However, LVAD support in these patients does provide hemodynamic support for select motivated patients to continue in efforts to lose weight, especially in those who could otherwise be transplant candidates. In selected cases, bariatric surgery is a viable option to achieve weight loss. Chaudhry et al. reported a case series of successful sleeve gastrectomies in six patients with end-stage heart failure and morbid obesity, three of whom were supported with a HeartMate II LVAD, with sufficient weight loss in all of them to achieve candidacy for heart transplantation at their center.19

Thus, while the care of obese patients with heart failure is clearly more complicated, evidence exists that obese patients can safely undergo LVAD implantation without excessive perioperative risk with equivalent one-year survival to their non-obese counterparts. Greater care must be taken to prevent device complications in these patients, such as driveline infections, but in conjunction with aggressive weight loss strategies that may include bariatric surgery, weight loss may be possible. With the rapidly expanding demographic of the obese patient with end-stage heart failure, a critical re-appraisal of VAD eligibility and special management considerations seems inevitable.


  1. U.S. Department of Health and Human Services. Division of Nutrition, Physical Activity and Obesity, National Center for Chronic Disease Prevention and Health Promotion. Overweigt and Obesity. Data & Statistics (Centers for Disease Control and Prevention website). 2015. Available at: Accessed 5/13/15.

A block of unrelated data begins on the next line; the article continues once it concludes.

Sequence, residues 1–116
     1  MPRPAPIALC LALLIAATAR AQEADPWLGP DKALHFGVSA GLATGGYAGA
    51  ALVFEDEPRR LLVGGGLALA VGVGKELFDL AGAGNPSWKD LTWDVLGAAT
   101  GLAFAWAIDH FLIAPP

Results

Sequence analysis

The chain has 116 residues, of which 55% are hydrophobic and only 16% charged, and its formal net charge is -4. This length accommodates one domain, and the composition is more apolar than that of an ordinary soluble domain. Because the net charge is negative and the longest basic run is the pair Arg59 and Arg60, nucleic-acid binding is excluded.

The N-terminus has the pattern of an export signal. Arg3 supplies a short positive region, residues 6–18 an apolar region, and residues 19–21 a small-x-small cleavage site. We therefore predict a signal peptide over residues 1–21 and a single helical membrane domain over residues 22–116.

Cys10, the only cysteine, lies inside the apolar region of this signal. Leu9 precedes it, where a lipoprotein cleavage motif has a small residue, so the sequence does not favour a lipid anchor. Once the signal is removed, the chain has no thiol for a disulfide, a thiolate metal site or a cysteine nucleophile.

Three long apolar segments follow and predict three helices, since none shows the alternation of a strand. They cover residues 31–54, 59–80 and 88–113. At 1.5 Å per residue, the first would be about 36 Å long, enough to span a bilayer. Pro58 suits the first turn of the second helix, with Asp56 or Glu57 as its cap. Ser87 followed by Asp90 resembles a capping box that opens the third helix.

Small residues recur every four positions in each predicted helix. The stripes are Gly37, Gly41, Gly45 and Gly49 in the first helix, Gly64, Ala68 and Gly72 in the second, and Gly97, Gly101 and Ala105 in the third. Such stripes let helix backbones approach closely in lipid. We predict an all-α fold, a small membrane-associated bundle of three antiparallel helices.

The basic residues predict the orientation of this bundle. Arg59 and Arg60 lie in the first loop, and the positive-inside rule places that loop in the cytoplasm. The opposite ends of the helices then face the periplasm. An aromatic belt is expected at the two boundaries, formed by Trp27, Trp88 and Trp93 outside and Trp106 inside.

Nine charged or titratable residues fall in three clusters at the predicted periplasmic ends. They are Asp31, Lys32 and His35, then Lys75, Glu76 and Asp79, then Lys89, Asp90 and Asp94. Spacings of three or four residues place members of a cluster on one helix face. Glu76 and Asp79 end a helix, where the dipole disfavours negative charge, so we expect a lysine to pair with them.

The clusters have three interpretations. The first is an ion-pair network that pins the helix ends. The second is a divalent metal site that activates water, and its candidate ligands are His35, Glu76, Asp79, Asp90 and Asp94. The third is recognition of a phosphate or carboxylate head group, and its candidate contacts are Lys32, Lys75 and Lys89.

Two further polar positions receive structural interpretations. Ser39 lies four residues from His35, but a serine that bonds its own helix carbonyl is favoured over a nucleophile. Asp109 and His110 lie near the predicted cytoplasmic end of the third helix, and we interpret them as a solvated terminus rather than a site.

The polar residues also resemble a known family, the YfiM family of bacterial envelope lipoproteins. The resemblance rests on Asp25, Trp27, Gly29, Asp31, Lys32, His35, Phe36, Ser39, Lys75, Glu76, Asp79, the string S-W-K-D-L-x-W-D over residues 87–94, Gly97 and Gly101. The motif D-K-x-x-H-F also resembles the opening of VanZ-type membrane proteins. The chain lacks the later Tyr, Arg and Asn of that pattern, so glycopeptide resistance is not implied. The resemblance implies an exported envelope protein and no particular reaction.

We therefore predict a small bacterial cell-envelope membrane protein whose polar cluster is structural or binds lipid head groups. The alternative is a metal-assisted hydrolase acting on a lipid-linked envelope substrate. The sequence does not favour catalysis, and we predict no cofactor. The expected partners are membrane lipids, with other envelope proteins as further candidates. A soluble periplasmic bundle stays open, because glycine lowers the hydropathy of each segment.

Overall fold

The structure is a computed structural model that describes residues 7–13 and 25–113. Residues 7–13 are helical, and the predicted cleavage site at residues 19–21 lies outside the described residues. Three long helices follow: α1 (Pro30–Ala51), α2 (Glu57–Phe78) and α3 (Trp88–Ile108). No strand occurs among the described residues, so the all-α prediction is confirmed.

2. Lavie CJ, Milani RV, Ventura HO. Obesity and cardiovascular disease: risk factor, paradox, and impact of weight loss. J Am Coll Cardiol 2009;53:1925-32.
  3. Kenchaiah S, Evans JC, Levy D, et al. Obesity and the risk of heart failure. N Engl J Med 2002;347:305-13.
  4. Lavie CJ, Mehra MR, Milani RV. Obesity and heart failure prognosis: paradox or reverse epidemiology. Eur Heart J 2005;26:5-7.
  5. Fonarow GC, Srikanthan P, Costanzo MR, et al. An obesity paradox in acute heart failure: analysis of body mass index and in-hospital mortality in 108,927 patients in the acute decompensated heart failure national registry. Am Heart J 2007;153:74-81.
  6. Khalid U, Ather S, Bavishi C, et al. Pre-morbid body mass index and mortality after incident heart failure: the ARIC Study. J Am Coll Cardiol 2014;64:2743-9.
  7. Nagarajan V, Cauthen CA, Starling RC, Tang WHW. Prognosis of morbid obesity patients with advanced heart failure. Congest Heart Fail 2013;19:160-4.
  8. Mehra MR, Kobashigawa J, Starling R, et al. Listing criteria for heart transplantation: International Society for Heart and Lung Transplantation guidelines for the care of cardiac transplant candidates--2006. J Heart Lung Transplant 2006;25:1024-42.
  9. Cimato TR, Jessup M. Recipient selection in cardiac transplantation: contraindications and risk factors for mortality. J Heart Lung Transplant 2002;21:1161-73.